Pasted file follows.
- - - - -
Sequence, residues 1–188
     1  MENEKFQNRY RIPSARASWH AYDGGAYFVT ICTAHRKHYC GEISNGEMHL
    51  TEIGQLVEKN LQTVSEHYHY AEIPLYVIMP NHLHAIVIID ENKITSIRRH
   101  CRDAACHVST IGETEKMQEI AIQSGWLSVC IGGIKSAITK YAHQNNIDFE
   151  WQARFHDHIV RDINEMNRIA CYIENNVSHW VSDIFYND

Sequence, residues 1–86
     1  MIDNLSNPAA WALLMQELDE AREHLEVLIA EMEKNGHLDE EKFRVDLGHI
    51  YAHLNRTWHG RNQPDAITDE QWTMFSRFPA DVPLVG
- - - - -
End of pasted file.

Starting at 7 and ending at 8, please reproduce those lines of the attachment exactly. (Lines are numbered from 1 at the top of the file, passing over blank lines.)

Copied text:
     1  MIDNLSNPAA WALLMQELDE AREHLEVLIA EMEKNGHLDE EKFRVDLGHI
    51  YAHLNRTWHG RNQPDAITDE QWTMFSRFPA DVPLVG